Fatwa on rock band
 In 2012 three teenage girls, Nooma Nazir, 16, Ameena Khalid, 16 and Farah Deeba 15, had formed Pragaash—a Sufi-rock girl band. But the then proclaimed Grand Mufti of Kashmir, late Mufti Bashiruddin, who used to claim to be a sole custodian of the Supreme Court of Islamic Shariat’ in the Valley, had issued a fatwa (religious edict) advising the girls and their families to “stay within the limits of modesty as prescribed for them.”
The band was silenced before it could even properly appear on the scene.
The three teenage students of Srinagar’s Presentation Convent, had mesmerized the audiences at their first stage performance on December 24, 2012. The event was organized by a Srinagar based cultural group “Valley Youth Expression” with funds from the Central Reserve Police Force. But after their performance these girls were trolled and threatened on social media, which led to these budding artists calling it a day.
Since 2012 lot of water has flown in Jehlum. The henchmen of separatists and radical elements have lost their addresses. In “Naya Kashmir” many young artistes, including girls, have proven their mettle in the recent past. These artistes are participating in stage shows, performing during wedding functions and other cultural events. The videos of their performances have gone viral on social media. These budding artists are spreading love and music. They seem least interested in preaching hatred and violence.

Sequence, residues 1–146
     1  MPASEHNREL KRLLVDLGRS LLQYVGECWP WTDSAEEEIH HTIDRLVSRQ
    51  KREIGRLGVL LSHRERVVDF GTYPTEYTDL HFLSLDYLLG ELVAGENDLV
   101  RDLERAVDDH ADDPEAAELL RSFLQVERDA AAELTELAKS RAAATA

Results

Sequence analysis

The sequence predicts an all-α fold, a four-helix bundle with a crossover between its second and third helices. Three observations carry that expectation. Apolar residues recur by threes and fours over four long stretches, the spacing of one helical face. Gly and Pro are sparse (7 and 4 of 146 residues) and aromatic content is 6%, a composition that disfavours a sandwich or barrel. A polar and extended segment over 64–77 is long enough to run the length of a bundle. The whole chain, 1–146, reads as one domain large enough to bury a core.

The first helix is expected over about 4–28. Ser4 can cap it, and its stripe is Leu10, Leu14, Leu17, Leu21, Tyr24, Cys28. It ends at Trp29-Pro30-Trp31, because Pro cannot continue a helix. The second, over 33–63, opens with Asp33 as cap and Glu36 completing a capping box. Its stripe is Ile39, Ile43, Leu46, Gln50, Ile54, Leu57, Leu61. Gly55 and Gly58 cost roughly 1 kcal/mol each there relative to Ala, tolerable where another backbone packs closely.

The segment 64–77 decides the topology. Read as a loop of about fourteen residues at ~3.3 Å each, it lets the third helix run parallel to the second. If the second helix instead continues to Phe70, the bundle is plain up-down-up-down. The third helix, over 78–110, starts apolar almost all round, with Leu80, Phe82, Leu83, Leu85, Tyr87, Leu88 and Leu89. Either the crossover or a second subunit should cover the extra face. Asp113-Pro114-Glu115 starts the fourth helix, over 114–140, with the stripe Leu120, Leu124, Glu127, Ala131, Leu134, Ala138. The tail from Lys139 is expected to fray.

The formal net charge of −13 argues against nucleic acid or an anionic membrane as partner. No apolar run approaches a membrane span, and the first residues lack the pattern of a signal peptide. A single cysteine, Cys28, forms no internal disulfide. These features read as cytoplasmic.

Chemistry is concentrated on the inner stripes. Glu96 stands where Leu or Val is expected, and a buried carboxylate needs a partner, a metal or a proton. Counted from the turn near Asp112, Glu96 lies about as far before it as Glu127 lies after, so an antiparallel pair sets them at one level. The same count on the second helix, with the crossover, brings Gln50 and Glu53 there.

Dukhtaran Terror Over
Prior to August 5, 2019—when the Centre announced its decision to abrogate Article 370 and bifurcated erstwhile J&K State into two union territories— radical women organization headed by Asiya Andrabi, who along with her aides is lodged at Tihar Jail in New Delhi at present—was infamous for raiding parks, restaurants and throwing acid on women for not observing purdah. But as on date there are no such organizations active in the Valley. The terror of the women group has ended. It has allowed the females who want to move on with their lives to come forward and showcase their talent. As on date the schools in the Valley hold special music classes for the students and encourage them to participate in the events which would turn them into confident human beings, who won’t succumb to any threats or fear.  
New Beginning 
The fashion show organized by the AJKYS in Srinagar triggered a debate but the voices in favour of the event indicate that Kashmir has changed in the past one and half years and no one can stop Kashmiri youth from competing with their counterparts across the country. The fashion show at Tagore Hall is a beginning there is lot more in offing for the youth, who during the past three decades were turned into cannon fodder by extremists to keep the pot boiling in the Valley. Kashmir is on the move and youth are leading from the front.